I didn't research my destination all that well except for a few quick browsings on the internet. I had read of diving in Manado and was excited to go there. It's a difficult place to get to from Kalimantan where I was working so I decided to only travel there when I had more time and wasn't confined to the one weeks R+R breaks that I was given from my assignment. It took me 2 days travel to get there and 2 days travel to leave there. Luckily for readers outside of Indonesia who might want to go there you can fly in direct from Singapore and skip the tedious frustration of internal Indonesian domestic flights.
I stayed at the Santiga Hotel and Diving resort. This was a gorgous hotel complex about 25 minutes drive from the city of Manado. The place was a little expensive as Indonesian prices go (about 400,000 RP or $50 US a night) but well worth it. It was very quiet and secuded there but its the closest accomadations to the famous Bunaken Island marina park area. The hotel has a beautiful heavily landscaped grounds and a view out over the small group of islands in the Bunaken Island marine park that hosts many world class dive sites. The hotel has a seperate PADI 4 star dive centre associated with it and this is the Thalassa Dive Centre run by Simone Gerritsen.
Dives were offered by Thalassa at the equivalent of $56 US a day for 2 dives and lunch plus a rental fee for any additional equipment needed. I rented a BC, shorty wetsuit and regulator set all for the equivalent of $25 so my total was about $81 US a day for two dives and lunch. This is a good rate for such excellant diving and was a special offer made to ex-patriate persons working in Indonesia.
Thalassa have an excellant and professional operation and have top notch local dive guides. Their main dive boat is an aluminum hull vessel with twin 200 HP outboards for power. They can easily accomodate about 8 divers with equipment plus a handful of dive guides on the vessel. There is a tarp roof over the large open deck area that protects divers from the relentless equatorial sunshine. That boat really moves when they open it up and they can reportedly reach 50 knots on perfect water conditions. This keeps the transit times from marina to dive sites quick and easy if not a bit breezy along the way.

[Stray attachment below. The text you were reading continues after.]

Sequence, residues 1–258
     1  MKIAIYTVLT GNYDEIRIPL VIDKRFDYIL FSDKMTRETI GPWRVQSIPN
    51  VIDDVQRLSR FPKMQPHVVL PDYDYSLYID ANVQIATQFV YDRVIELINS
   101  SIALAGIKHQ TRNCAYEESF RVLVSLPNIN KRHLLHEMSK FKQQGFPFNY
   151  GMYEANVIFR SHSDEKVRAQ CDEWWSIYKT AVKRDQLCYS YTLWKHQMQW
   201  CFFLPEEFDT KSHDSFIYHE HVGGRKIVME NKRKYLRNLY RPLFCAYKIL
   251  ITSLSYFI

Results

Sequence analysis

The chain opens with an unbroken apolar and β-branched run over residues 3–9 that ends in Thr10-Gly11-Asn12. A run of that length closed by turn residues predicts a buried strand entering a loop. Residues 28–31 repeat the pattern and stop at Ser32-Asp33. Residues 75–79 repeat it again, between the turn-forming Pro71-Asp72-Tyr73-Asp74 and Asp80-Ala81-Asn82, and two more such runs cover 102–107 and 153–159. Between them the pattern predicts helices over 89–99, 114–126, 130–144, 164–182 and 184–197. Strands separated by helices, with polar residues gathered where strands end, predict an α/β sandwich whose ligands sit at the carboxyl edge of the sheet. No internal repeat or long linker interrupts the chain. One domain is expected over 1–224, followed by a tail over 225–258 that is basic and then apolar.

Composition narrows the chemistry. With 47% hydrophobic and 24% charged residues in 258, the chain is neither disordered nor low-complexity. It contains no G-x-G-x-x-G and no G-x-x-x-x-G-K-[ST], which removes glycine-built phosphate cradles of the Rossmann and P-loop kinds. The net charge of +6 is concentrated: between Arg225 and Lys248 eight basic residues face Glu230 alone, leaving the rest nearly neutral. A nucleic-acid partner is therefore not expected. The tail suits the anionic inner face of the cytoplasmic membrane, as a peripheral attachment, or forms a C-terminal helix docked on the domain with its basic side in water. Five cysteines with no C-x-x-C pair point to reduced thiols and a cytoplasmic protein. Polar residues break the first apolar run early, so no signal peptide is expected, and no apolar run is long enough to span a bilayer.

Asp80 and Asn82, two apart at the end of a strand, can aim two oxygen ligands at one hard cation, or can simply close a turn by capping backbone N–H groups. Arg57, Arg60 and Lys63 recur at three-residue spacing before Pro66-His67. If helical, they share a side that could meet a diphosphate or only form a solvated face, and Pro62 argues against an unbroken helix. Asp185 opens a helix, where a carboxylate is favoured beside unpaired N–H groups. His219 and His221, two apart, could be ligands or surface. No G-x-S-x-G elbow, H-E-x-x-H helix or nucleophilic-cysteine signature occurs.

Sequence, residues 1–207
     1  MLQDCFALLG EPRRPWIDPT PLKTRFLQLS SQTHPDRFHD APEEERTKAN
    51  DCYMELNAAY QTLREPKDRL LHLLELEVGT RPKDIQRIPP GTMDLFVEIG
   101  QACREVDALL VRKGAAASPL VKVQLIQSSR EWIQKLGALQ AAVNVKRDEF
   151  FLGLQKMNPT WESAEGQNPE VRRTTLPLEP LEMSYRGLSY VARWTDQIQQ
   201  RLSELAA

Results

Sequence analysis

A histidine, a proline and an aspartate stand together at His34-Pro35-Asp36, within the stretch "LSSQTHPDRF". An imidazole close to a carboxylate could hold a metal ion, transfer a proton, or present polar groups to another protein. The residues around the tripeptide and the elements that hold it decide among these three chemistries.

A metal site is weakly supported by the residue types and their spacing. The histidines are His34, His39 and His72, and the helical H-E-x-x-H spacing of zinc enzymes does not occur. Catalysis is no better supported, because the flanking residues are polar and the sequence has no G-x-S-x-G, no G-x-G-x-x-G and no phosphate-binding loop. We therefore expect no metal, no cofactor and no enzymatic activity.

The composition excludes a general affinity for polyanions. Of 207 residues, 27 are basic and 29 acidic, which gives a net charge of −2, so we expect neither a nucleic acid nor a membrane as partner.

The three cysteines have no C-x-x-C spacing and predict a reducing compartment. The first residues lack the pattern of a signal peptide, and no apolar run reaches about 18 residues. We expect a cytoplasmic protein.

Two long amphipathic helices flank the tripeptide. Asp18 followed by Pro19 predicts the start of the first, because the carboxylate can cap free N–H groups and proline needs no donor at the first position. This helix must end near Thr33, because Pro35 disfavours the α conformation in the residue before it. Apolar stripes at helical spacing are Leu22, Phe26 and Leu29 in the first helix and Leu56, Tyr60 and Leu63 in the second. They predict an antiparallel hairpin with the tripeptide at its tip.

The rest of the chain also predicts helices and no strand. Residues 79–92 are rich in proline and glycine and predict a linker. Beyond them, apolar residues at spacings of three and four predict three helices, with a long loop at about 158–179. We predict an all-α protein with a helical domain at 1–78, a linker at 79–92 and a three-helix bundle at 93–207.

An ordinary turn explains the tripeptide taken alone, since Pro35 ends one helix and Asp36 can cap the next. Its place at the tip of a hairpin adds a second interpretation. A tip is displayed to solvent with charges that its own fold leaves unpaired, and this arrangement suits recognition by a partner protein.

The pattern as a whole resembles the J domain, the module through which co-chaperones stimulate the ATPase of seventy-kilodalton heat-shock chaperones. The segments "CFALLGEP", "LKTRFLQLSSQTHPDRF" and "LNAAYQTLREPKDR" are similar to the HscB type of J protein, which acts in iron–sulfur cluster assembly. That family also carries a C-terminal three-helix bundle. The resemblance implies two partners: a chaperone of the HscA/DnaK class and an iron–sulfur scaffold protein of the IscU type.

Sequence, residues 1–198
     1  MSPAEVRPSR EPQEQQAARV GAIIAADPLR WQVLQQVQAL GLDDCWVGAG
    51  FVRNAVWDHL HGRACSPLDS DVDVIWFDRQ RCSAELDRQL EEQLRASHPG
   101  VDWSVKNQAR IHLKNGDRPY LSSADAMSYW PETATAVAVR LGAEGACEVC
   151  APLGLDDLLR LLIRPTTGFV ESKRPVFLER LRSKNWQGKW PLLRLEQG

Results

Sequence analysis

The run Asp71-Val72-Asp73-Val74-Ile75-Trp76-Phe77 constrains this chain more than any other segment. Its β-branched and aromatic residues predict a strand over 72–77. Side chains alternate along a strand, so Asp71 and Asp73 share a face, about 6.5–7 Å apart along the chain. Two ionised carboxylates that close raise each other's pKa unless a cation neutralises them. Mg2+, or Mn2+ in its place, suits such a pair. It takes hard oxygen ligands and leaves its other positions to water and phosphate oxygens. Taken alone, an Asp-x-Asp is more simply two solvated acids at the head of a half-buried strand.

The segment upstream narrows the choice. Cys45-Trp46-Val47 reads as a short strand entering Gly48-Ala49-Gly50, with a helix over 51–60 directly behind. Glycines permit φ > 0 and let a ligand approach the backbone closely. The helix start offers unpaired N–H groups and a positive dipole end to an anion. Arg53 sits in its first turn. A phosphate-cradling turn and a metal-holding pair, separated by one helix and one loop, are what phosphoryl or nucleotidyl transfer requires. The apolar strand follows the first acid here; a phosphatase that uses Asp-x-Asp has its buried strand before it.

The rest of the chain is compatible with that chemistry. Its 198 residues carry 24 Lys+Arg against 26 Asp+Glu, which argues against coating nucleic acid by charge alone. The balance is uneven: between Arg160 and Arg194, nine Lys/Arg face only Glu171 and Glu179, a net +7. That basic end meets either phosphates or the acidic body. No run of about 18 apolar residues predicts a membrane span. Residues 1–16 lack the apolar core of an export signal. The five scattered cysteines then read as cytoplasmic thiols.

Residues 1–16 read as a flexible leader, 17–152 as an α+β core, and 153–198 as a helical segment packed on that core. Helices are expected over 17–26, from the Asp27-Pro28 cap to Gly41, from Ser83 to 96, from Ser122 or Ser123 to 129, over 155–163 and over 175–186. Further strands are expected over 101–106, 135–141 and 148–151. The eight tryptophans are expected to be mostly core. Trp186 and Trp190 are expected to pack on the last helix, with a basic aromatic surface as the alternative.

The dives in Manado were great. The distinguishing thing about diving in Manado is that almost every dive site is on a steep wall with or without current. The walls are due to the corral formations of the islands and are heavily encrusted with sea life. I won't go into all the varieties of fish life seen there except to say that it was stunning. Particulary interesting were some of the more unusual fish species like frog fish and crocdile fish that were spotted. The frog fish looked like a lime green blob monster out of a ghostbusters movie. Very grotesque but fascinating at the same time. The natural colours seen in the corals and sea life were enough to make a budding underwater photographer yearn to have a camera along so that the colours couldn't fade into memory.
Almost every dive included sightings of large sea turtles along the reef. These would swim out into the deeper waters when caught by surprise as we drifted close to them along the walls. One dive included a huge school of barracuda in crystal clear waters. These seemed oblivious to divers only a couple of meters below them and were an impressive sight. The lagrest barracuda in the school were about 1.2m long and very graceful and streamlined in their form.
Visibility in the waters varied each day with a maximum of over 30m one day and about 15m on the worst day. Water temperatures were in the 20's Celcius and very comfortable with a shorty wet suit. Even the worst diving visibility encountered in Manado was enough to take in the awesome beauty there amid sweeping gorgonean fan corrals, soft and hard corrals and a busy multitude of reef fishes. I hope to return to Manado soon and will definitely take along an underwater camera next time.
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